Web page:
CON 31 (+2); LAB 34 (-4); LIB DEM 10 (nc); UKIP 13 (-2)
With the news that the Bank of England has raised its growth forecasts, the May Ipsos MORI Political Monitor also shows that the public’s economic optimism has risen for the second month in a row to its highest point since July 2010. Based on fieldwork over the weekend as some more positive economic news was reported, three in ten (30%) now say they expect the economy to improve in the next 12 months (up 8 points since April) while the same proportion (31%, down ten points) expect it to get worse. The Ipsos MORI Economic Optimism Index (% improve minus % get worse) now stands at -1, up 18 points since April.
The research also finds support for Labour, among all those certain to vote, at the lowest it has been since the 2010 General Election at 34%. However, this is due to a fall in the strength of support among Labour voters rather than a switch to other parties. Only 57% of Labour supporters say they are certain to vote at the next election (down six points over the month), compared to 67% of Conservatives, 68% of Liberal Democrats and 75% of UKIP supporters. Among all those naming a party, Labour is unchanged from April’s poll at 38%.
There is no significant change among support for the other parties, which means in the headline voting figures among all those certain to vote Labour hold a three point lead over the Conservatives who are on 31%. UKIP are still at historically high levels on 13%, above the Liberal Democrats on 10%. The Green Party are on 6% (their highest since September 2012).
Despite the rise in economic optimism, satisfaction with the government is broadly unchanged over the month with 28% satisfied and 63% dissatisfied, a net rating (satisfied minus dissatisfied) of minus 35. However approval ratings of the leaders of the Coalition parties have increased this month:
- David Cameron’s satisfaction ratings have increased among the general public since April: 36% are satisfied with his performance, 57% dissatisfied (net score of -21, up from -28). However, among Conservatives satisfaction with Mr Cameron has fallen: 67% are satisfied, 27% dissatisfied. His net rating of +40 among his own supporters is down nine points from April, and his lowest since October 2012.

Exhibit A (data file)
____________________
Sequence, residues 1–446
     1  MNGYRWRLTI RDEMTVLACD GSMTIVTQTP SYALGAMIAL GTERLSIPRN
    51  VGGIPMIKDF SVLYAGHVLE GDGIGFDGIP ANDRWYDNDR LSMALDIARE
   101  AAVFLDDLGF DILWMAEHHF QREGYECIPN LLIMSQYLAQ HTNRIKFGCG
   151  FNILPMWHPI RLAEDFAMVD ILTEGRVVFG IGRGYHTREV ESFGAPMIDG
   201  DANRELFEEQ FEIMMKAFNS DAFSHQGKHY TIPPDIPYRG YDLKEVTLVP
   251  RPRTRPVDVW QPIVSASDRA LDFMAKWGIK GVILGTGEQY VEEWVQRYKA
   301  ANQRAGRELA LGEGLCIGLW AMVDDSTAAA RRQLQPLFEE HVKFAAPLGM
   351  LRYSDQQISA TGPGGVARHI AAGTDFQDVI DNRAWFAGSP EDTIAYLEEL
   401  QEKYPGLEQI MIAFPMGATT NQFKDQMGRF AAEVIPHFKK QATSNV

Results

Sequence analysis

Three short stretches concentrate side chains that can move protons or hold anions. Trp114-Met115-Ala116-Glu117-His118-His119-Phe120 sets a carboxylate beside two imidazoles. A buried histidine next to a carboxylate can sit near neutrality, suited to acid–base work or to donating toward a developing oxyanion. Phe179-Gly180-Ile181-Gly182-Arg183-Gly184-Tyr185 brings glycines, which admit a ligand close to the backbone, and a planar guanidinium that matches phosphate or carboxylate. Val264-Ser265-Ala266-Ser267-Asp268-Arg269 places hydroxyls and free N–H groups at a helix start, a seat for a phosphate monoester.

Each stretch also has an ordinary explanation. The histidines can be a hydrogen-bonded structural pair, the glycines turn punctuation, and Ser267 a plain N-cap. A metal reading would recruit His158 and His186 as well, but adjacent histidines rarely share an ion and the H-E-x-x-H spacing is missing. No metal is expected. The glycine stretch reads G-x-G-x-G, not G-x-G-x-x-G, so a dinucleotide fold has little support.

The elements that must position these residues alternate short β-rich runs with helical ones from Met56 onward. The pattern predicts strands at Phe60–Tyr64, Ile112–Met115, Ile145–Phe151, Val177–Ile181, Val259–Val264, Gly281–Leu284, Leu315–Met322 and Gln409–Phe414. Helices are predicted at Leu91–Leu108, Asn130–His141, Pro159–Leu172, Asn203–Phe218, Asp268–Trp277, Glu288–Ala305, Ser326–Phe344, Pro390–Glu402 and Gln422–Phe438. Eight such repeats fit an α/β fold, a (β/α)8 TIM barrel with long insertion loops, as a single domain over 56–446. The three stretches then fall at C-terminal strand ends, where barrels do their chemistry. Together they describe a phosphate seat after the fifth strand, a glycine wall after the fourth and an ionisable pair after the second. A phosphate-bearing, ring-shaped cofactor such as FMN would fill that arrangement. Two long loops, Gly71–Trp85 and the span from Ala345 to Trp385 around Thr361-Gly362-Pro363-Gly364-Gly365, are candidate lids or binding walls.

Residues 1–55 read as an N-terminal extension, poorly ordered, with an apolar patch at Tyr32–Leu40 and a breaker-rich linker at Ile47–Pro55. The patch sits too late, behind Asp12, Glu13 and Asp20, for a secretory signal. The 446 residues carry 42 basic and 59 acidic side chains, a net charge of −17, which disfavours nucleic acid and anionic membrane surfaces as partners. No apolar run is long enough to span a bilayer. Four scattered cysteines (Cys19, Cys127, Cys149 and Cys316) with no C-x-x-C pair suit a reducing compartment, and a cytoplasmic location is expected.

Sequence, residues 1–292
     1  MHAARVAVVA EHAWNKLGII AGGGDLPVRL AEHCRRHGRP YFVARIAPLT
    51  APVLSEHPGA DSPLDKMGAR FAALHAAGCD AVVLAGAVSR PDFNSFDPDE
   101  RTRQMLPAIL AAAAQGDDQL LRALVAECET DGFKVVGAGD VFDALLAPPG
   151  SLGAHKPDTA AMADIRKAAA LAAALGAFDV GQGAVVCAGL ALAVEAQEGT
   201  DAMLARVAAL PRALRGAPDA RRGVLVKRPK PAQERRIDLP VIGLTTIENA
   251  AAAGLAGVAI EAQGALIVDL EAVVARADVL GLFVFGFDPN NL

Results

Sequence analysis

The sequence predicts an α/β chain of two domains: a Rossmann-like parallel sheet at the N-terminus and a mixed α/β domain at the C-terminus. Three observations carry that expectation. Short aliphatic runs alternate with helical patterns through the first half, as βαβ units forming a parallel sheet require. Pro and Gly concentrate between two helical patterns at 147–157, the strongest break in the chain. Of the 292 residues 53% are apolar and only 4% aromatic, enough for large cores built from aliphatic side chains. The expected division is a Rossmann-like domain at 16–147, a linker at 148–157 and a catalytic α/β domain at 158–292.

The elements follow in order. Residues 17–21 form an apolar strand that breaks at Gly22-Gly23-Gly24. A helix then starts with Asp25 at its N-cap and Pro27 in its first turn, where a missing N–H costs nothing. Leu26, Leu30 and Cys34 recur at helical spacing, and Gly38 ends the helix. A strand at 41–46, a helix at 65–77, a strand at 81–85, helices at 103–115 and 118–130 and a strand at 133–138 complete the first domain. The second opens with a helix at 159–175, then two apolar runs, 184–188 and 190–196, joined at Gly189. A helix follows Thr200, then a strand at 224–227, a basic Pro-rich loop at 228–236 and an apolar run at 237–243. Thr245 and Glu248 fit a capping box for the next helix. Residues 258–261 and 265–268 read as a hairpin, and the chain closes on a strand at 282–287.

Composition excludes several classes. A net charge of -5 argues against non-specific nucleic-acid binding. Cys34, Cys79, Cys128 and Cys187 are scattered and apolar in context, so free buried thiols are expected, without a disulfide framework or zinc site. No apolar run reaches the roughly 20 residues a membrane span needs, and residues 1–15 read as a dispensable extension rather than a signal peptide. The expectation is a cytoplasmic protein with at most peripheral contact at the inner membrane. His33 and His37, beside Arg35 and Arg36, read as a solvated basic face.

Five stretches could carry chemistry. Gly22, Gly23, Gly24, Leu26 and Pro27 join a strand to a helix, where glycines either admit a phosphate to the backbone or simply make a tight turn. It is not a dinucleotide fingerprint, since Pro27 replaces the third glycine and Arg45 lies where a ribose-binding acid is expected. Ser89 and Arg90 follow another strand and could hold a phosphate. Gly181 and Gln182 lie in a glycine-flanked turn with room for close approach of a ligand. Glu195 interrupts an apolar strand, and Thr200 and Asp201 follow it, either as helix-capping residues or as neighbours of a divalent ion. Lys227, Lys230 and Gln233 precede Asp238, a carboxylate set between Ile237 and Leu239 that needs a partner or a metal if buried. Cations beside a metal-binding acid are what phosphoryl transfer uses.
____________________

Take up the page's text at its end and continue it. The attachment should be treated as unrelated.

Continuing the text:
- Nick Clegg’s satisfaction ratings are also up slightly, although they are lower than for any of the other leaders. 26% are satisfied with Mr Clegg and 63% are dissatisfied with a net rating of -37 (up from -44 in April).
- Ed Miliband’s ratings are largely unchanged from last month with 35% satisfied with his performance and 49% dissatisfied, a net rating of -14. Satisfaction with him among Labour supporters has slightly increased, from a net rating of +18 last month to +22 this month.
- Nigel Farage has the highest net satisfaction ratings of all the party leaders, though as more people give an opinion on him (those saying “don’t know” are down 10 points but still at 30%) both his satisfaction and dissatisfaction ratings increase. Forty per cent are satisfied with the UKIP leader (up 6 points from April) and 29% are dissatisfied (up three), a net rating of +11. Mr Farage also enjoys the highest ratings of any leader among his own supporters, 88% of UKIP supporters are satisfied with the performance of their leader and just 4% are dissatisfied.
Head of Political Research at Ipsos MORI, Gideon Skinner, said:
“We know the economy is the most important issue for supporters of all parties, so this rise in optimism will be important - if it is sustained. Meanwhile since the local elections Labour voters have lost some of their enthusiasm but haven’t left the fold, while support for the other parties is broadly unchanged.”
- Download topline results (PDF)
- Download charts (PDF)
- Download Infographic (PDF)
- Download full computer tables (PDF)
EVENT | The Future of Fats, Sugar and the Obesity Crisis
It can be easy to forget, but the world is facing more than one pandemic. Thirty-nine percent of the global population is overweight. In the UK, that figure is even higher: 67% of adults are overweight. But what makes this crisis so hard to tackle?